I received an email informing me that if I wanted it, a studio space at 222 Cabot was available to me. This is a studio space in the middle of where my comfort was born, the place I was able to be me and felt at home. It is right across the street from where I went to school and would keep me surrounded by the people and places that I have grown to feel comforted by. I knew this was a sign and that I would take the space. The following day I got a call back from the teaching job that I currently have. The job I was made for; because it is a job where I get to listen and help children who really need the light and warmth from someone who can feel their pain even when they aren’t sure why they feel it.
Then I realized!
If my job and studio were on the Northshore, I couldn’t very well stay in New Hampshire now could I? So I found an apartment, the first one that I visited. All of this happened in a week. The three things I needed to start my true “adult” life, happened.
It is because of this studio space and the confidence and contentment that I feel at work, that has made me be able to create this painting series, because it is the first time I have been able to breathe and look back and see my journey; to see how I got here.
This is just the beginning, but I want to encapsulate this moment when the switch went, “on” for me. Because I know people my age need to see this, to read this, to feel this. They need to know that it can happen, that if you work hard and you are true to yourself you will find yourself home.
Home is more than a place, it is peace of mind.
This is what my series is really about. This show has been a lifetime in the making and I feel so blessed to be comfortable enough to show it to the world.
Stay tuned, show date has been confirmed for August 10th, at 222 Cabot Street Gallery & Studios.
A lot of things, mainly my true start to adult hood, has prompted me to give a great deal of thought to the meaning of home. The understanding of ourselves through where we put our bag down at the end of each day, where we sit when we take our smelly socks off, where the hamper is that we throw them into. Where we house all of our things, where are comfort and place of belonging is meant to be. Since moving out of my parents house when I went to college at the age of 18, I moved a lot. 8 times to be exact. The last move was back home, to save money and figure out my life a bit back at my parents house. Without all of the adult pressures that I hilariously thought I could handle at age 18. I got my big girl teaching job, my lovely yet tiny apartment in Salem, a town I have a feverish love for, and my art studio, in a place I have always wanted it to be. Shortly after moving in my parents told me they were moving to Florida, and that they would be down sizing in New Hampshire and would therefore be selling the house. As I knew this day would come, as they have been tempted with this idea for a long time, it did not come as much of a surprise. But what did come as a surprise was my reaction to it all. In my heart I knew in that moment, that this “young adulthood” thing, was over. That regular adult life had started. There was no, fall back, not that I ever thought there was, but there really always was room for me to fail if I needed to for a little while. I decided that I wasted to make a grand, big ole painting of the house, that has represented so much to me and my family. So I started to sketch it. And through my search of the image I realized something, I needed closure. This painting would be my closure to this house. When I was driving over to the studio on my way home from work I came up with my idea for the series.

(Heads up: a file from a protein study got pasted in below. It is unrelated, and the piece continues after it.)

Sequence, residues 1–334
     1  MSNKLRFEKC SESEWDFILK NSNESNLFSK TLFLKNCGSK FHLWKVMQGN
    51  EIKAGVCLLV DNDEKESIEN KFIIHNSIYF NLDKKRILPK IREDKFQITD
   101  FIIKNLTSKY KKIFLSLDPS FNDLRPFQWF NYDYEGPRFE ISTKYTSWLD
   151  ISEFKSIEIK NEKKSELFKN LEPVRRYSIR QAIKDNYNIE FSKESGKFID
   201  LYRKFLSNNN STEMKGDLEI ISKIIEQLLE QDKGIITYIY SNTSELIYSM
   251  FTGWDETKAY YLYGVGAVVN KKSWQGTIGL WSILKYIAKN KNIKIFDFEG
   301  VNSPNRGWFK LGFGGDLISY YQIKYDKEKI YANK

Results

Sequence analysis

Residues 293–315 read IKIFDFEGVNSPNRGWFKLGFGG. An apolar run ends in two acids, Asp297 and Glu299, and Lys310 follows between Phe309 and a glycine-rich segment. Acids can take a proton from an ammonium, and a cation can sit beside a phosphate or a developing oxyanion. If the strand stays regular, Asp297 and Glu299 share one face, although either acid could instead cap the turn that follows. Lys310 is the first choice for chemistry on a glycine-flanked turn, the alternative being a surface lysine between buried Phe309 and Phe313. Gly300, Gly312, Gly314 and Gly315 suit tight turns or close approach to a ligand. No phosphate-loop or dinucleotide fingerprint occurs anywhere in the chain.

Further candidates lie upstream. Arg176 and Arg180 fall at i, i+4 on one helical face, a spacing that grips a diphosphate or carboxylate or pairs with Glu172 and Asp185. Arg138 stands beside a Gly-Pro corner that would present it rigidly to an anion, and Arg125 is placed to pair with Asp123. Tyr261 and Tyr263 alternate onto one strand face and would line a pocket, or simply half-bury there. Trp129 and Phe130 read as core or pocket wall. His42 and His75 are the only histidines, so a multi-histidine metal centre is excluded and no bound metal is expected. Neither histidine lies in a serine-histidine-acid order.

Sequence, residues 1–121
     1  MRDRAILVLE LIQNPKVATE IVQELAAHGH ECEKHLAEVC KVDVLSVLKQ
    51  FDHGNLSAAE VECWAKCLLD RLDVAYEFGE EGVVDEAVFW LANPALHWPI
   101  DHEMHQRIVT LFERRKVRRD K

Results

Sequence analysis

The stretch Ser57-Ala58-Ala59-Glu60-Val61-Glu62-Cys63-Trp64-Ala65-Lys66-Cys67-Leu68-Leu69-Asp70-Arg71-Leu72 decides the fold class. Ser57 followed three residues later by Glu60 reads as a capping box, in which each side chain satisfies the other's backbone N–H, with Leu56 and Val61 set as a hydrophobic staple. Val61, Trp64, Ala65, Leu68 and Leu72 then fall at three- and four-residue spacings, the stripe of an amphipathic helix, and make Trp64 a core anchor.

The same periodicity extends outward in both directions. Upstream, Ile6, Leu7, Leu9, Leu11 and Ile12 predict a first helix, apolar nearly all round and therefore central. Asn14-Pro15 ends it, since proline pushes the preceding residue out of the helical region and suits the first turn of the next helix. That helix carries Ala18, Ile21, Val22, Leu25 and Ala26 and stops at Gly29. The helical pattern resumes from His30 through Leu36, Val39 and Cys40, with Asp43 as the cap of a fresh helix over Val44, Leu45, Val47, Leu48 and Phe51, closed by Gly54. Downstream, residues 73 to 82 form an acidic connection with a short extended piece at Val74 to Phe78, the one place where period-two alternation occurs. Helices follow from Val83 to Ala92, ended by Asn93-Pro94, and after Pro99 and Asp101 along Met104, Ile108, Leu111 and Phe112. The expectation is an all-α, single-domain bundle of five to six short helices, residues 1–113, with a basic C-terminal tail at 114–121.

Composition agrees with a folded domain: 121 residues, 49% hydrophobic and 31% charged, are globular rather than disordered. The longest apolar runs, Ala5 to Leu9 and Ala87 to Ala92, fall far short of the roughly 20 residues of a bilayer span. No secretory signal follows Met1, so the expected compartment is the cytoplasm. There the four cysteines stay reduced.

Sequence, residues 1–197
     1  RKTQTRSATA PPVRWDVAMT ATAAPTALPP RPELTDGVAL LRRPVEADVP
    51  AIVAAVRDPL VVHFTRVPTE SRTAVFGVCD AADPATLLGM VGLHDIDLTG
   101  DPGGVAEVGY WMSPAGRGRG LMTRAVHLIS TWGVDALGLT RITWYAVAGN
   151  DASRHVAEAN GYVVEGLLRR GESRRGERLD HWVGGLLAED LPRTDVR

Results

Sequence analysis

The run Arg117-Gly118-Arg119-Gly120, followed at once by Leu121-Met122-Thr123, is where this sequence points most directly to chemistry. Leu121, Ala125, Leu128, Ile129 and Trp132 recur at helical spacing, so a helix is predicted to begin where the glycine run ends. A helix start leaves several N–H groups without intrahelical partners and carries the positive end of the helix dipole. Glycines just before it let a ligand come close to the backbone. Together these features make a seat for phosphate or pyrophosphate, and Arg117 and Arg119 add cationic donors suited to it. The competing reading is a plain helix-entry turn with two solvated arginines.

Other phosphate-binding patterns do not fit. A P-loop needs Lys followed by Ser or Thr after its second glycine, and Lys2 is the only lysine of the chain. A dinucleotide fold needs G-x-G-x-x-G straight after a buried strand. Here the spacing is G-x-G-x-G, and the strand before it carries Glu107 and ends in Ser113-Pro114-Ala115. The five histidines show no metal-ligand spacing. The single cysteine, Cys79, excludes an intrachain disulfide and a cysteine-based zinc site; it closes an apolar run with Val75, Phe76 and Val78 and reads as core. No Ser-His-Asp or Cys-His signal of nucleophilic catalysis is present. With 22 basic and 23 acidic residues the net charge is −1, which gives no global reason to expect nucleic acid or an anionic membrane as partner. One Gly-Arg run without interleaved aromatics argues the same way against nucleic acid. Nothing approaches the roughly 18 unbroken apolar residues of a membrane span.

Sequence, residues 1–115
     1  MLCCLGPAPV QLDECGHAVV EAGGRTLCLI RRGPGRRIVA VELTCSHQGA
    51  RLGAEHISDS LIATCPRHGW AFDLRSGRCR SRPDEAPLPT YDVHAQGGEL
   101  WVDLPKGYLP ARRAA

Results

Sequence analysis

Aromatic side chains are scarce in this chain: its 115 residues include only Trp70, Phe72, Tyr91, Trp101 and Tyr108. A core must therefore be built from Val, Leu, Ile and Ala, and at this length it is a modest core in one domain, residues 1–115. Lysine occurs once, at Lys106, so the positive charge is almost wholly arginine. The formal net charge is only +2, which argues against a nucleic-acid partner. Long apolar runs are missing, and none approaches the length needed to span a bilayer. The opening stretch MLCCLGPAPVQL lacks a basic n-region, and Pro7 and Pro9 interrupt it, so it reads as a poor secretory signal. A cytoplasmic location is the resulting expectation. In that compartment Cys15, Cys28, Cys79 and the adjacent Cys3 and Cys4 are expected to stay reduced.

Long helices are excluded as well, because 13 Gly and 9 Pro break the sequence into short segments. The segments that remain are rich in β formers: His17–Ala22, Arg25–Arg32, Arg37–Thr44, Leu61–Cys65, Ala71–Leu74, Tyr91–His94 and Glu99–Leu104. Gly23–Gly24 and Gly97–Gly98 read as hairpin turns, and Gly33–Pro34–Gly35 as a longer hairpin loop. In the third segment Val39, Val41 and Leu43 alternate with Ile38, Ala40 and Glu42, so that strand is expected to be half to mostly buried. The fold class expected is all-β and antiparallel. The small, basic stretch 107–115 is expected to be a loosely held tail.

I will be painting pieces from every place I have ever lived, and their defining characteristics. The reason I wanted this piece to be so large, is because this house feels large to me. In significance and actual size. I remember the first time we went to visit it, and I asked my mom if it was a mansion. It was so extravagant from our last home. I knew my parents were really doing well since they could get a place like this. I felt so proud of them. This is the start of my series which I will be showcasing in August at 222 Cabot Street, Beverly, MA.
Shady Tree Maker moves to 222 Cabot Gallery and Studios!
A week or so ago, I was notified that a studio was finally ready for me, at 222 Cabot Gallery and Studios, which has always been a dream location for me and my art practice. My studio will be not only by MY art oasis, but a collaborative space with Cali Serino, who is a wonderful musician, and a natural painter, whom I truly admire. I couldn’t be more thankful for the chance to make art babies with her 🙂
Had the pleasure of teaching UMASS Lowell’s Art Student Union my Turkish Marbling Workshop.
During my workshop we covered a brief history of Turkish Marbling, size creation, alum application, and multiple traditional and non-tradtional techniques. I had such wonderful time getting to share one of my greatest passions with such enthusiastic students. Hopefully I’ve inspired some future marblers!